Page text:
ScotRail’s new cycle carriages should be first step towards upgrading trains to match the scenery – Alastair Dalton

I find cycling one of the most enjoyable ways to travel because of the freedom it gives me.

On short journeys, going by bike removes any worries about traffic congestion or finding a parking space.

To maintain that freedom on longer trips, the train can provide the ideal counterpart in getting you to where you want to cycle.

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Part of the attraction is that bikes are carried free on many trains, including ScotRail’s.

However, there’s limited space for them on board and these can get booked up fast on busy tourist lines.

ScotRail and its Transport Scotland masters saw an opportunity there and, three years after our sister title Scotland and Sunday revealed the plans, Britain’s first dedicated cycle carriages have finally started operating on the Glasgow-Oban route.

The initial three “Highland Explorer” coaches have more than quadrupled the bike-carrying capacity of the line’s trains from six to 26.

The carriages are due to be extended to the West Highland Line’s other arm, to Fort William and Mallaig, and then to routes such as Inverness to Kyle of Lochalsh and Wick/Thurso.

The first three cycle carriages started operating on the Glasgow-Oban route in July (Picture: John Devlin)

Two thirds of the space in the new coaches – converted from single-carriage trains – is allocated to accommodate 20 cycles in five bays for two bikes each lengthways down each side, with 24 seats in the remaining third.

You can’t miss the carriages, whose eye-catching exterior by Scottish artist Peter McDermott features a large bike symbol, landmarks on the routes they will serve and a Highland cow.

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Taking a test trip on Monday to try one out, boarding and stowing my bike was easy thanks to the wide gangway between the cycle bays, and it was just under half full when we left Glasgow Queen Street.

The 20 cycle spaces include larger bays for tandems and an electric bike charging socket. Picture: John Devlin
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Cyclists can choose to either sit in the train’s other two carriages, or, for an extra £10, opt for seating in the cycle coach, which has route maps embedded in the table tops.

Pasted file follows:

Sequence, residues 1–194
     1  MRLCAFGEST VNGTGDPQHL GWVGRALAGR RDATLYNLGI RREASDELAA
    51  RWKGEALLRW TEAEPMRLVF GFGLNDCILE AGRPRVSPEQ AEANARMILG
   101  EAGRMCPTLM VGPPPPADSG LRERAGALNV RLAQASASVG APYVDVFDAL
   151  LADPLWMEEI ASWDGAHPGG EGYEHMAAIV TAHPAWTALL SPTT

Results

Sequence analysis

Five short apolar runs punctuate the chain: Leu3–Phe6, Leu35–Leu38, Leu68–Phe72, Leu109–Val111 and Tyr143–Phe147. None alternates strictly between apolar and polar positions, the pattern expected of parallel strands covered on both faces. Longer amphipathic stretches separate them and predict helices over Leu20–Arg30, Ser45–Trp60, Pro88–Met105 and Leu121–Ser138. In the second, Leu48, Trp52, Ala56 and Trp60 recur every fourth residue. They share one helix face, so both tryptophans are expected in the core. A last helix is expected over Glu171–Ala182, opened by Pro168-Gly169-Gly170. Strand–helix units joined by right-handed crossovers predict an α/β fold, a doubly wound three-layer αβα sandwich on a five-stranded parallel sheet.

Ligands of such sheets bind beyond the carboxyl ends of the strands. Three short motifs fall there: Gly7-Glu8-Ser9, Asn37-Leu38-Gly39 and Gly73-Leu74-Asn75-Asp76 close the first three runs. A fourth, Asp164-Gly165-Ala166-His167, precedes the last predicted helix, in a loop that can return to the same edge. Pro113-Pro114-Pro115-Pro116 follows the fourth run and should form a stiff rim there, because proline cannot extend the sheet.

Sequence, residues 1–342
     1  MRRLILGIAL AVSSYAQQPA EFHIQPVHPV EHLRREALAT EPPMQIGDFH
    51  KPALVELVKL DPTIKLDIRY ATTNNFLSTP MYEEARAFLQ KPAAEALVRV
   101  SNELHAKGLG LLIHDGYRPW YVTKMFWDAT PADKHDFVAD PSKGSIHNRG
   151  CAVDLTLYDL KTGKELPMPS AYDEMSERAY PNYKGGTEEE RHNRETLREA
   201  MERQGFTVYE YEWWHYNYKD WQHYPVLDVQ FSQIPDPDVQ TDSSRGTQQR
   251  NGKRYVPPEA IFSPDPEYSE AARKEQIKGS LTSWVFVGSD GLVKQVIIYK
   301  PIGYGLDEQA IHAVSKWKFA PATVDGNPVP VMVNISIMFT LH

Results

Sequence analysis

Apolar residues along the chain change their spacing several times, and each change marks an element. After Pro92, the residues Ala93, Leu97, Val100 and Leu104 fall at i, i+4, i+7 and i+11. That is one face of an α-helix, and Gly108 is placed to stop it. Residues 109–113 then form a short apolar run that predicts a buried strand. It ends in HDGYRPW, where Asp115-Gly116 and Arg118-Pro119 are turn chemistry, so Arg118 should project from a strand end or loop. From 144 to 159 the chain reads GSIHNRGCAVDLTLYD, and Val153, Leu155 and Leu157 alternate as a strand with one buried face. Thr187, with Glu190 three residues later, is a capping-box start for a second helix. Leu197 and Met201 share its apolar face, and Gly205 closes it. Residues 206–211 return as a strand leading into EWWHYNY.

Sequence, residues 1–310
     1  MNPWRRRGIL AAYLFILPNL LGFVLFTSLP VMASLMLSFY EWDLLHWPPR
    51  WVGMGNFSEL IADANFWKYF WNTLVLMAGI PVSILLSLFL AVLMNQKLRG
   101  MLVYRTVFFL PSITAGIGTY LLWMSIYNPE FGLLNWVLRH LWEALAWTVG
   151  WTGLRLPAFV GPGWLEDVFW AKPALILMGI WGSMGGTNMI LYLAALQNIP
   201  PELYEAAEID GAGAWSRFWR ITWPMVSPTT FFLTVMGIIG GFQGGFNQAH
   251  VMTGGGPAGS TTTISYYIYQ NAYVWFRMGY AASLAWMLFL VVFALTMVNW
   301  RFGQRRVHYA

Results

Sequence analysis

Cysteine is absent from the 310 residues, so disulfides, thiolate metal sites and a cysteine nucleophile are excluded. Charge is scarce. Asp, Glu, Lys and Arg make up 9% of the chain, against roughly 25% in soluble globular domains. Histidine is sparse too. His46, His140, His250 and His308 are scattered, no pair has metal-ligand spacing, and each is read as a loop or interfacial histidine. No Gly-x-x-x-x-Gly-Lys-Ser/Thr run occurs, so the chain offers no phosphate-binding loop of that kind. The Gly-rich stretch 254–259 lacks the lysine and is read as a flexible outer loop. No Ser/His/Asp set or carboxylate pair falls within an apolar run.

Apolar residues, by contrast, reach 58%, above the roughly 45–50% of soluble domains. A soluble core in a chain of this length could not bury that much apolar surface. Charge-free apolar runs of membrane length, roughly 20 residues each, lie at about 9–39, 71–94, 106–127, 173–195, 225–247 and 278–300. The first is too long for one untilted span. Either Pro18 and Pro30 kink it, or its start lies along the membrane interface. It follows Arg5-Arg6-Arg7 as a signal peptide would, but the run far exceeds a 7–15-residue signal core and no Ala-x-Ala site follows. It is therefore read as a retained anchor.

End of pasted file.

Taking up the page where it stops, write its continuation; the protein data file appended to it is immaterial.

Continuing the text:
I think that’s a reasonable price to pay considering you get a food bag containing sandwich, crisps, shortbread and water plus a cup of tea or coffee in return.

However, there appeared to be no signs on board to explain that, and as soon as the conductor pointed out the supplement, many of my fellow cyclists moved to another carriage.

Equally, other passengers boarding the train en route looked bemused as they entered the carriage and weren’t sure if they could sit there.

The wide gangway makes getting bikes in and out easy. Picture: John Devlin

The differences in seat and carpet design and colour scheme to the rest of the train are too subtle to indicate what’s effectively a different class of travel.

The refurbishment, carried out by Brodie Engineering in Kilmarnock, is part of an innovative new use for the carriages, which are approaching 35 years old.

But they seem to come somewhat short of the “scenic trains” promised as part of the current ScotRail franchise which were envisaged as being “emblematic of the best of Scotland”.

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As recently as the 1980s, observation cars were attached to trains on the West Highland Line, while there have been calls for Swiss-style glass-roofed carriages to provide panoramic views of what’s been hailed as one of the world’s greatest railway journeys.

The route’s current diesel trains are due to be replaced by battery or hydrogen power by 2035. An opportunity at last?

A message from the Editor:

The seated area of the cycle coach has different seat covers and carpets to the rest of the train but no signs to indicate there is a £10 supplement to use it. Picture: John Devlin

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